South Carolina Officials Announce Infestation of Asian Longhorned Ticks, Ask Public to Help Limit Spread of Tick-Borne Diseases

FOR IMMEDIATE RELEASE:COLUMBIA, S.C. ― South Carolina public health and livestock officials have recently identified a large population of Asian longhorned ticks infesting a pasture at a cattle farm in York County. This invasive species of tick is not commonly found in the United States, and bites from these ticks have caused severe illnesses in people, animals and livestock in other countries.As of June 2022, the ...

FOR IMMEDIATE RELEASE:

COLUMBIA, S.C. ― South Carolina public health and livestock officials have recently identified a large population of Asian longhorned ticks infesting a pasture at a cattle farm in York County. This invasive species of tick is not commonly found in the United States, and bites from these ticks have caused severe illnesses in people, animals and livestock in other countries.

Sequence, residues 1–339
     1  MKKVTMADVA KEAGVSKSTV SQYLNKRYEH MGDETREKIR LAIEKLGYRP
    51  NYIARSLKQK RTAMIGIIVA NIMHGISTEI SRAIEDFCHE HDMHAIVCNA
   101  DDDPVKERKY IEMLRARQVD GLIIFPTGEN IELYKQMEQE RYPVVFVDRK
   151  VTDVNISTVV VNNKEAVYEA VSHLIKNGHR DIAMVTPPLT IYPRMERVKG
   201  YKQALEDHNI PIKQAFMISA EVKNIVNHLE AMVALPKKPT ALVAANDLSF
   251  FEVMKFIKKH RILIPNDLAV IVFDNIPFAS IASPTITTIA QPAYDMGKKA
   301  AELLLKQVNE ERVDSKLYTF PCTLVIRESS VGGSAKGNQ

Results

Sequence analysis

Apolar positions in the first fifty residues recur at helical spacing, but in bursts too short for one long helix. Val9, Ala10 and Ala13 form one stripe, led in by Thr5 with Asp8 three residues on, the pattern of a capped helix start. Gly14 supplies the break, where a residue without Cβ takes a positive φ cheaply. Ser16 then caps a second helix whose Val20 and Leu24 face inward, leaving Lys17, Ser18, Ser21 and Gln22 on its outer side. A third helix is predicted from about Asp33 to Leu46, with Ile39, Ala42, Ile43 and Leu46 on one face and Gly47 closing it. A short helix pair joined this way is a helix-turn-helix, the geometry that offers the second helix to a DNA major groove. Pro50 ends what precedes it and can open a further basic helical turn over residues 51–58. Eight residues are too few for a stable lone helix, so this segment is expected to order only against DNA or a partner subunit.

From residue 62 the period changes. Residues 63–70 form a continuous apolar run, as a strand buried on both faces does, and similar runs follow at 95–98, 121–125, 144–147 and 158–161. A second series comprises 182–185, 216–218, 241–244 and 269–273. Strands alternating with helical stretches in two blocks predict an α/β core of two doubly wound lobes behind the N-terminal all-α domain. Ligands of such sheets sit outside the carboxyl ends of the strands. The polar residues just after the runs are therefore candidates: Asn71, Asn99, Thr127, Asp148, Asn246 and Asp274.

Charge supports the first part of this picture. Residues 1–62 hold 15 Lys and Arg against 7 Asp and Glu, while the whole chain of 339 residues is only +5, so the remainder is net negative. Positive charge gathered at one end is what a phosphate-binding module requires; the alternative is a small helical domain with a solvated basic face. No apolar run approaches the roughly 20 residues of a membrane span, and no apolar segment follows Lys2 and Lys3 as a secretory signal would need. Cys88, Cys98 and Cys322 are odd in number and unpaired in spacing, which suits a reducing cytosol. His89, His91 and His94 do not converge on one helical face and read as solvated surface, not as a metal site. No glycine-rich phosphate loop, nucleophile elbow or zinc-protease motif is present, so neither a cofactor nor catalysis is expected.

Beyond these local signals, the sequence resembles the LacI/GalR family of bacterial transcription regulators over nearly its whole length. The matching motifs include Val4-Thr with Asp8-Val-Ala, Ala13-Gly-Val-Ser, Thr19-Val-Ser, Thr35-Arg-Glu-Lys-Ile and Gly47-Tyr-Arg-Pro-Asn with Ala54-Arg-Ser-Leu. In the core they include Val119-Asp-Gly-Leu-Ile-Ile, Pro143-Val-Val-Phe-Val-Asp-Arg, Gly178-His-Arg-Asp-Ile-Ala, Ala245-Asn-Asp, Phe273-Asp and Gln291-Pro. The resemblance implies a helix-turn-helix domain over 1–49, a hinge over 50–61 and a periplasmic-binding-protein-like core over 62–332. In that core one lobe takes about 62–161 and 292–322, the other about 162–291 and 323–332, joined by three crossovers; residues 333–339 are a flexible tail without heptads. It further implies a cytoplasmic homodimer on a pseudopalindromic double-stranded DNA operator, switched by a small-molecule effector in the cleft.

As of June 2022, the U.S. Department of Agriculture (USDA) reports Asian longhorned ticks were first identified in the United States in 2010 and have since been found in 17 states. In South Carolina, a small number of these ticks were identified in 2020 on shelter dogs in Lancaster and Pickens counties.

The Asian longhorned ticks in South Carolina have been identified through the state’s tick surveillance program – a collaborative effort between DHEC, the University of South Carolina Arnold School of Public Health and Clemson University Livestock Poultry Health.

“While no documented cases of diseases such as Lyme disease, Rocky Mountain spotted fever, or anaplasmosis have been reported in the United States due to bites from Asian longhorned ticks, the ability of this tick species to spread diseases that can make people and animals ill is a concern,” said Dr. Chris Evans, State Public Health Entomologist with DHEC's Bureau of Environmental Health Services. “However, more research is needed in the United States to better understand what diseases the Asian longhorned tick can spread and to what degree they are a health risk to people, livestock, and other animals. The ability of this tick species to increase its populations very quickly, leading to large infestations in a short amount of time, is also concerning.”